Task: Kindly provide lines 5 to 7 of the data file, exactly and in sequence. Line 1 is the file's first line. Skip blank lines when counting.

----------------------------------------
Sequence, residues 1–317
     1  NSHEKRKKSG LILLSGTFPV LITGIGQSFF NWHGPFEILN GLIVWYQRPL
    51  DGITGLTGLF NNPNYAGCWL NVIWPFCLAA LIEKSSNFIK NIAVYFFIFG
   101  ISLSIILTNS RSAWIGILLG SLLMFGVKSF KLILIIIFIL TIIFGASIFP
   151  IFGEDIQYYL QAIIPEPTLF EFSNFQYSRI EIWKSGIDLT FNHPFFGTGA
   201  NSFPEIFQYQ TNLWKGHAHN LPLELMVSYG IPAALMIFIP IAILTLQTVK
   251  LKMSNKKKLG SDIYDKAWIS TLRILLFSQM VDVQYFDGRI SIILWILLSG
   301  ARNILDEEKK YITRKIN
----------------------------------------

   151  IFGEDIQYYL QAIIPEPTLF EFSNFQYSRI EIWKSGIDLT FNHPFFGTGA
   201  NSFPEIFQYQ TNLWKGHAHN LPLELMVSYG IPAALMIFIP IAILTLQTVK
   251  LKMSNKKKLG SDIYDKAWIS TLRILLFSQM VDVQYFDGRI SIILWILLSG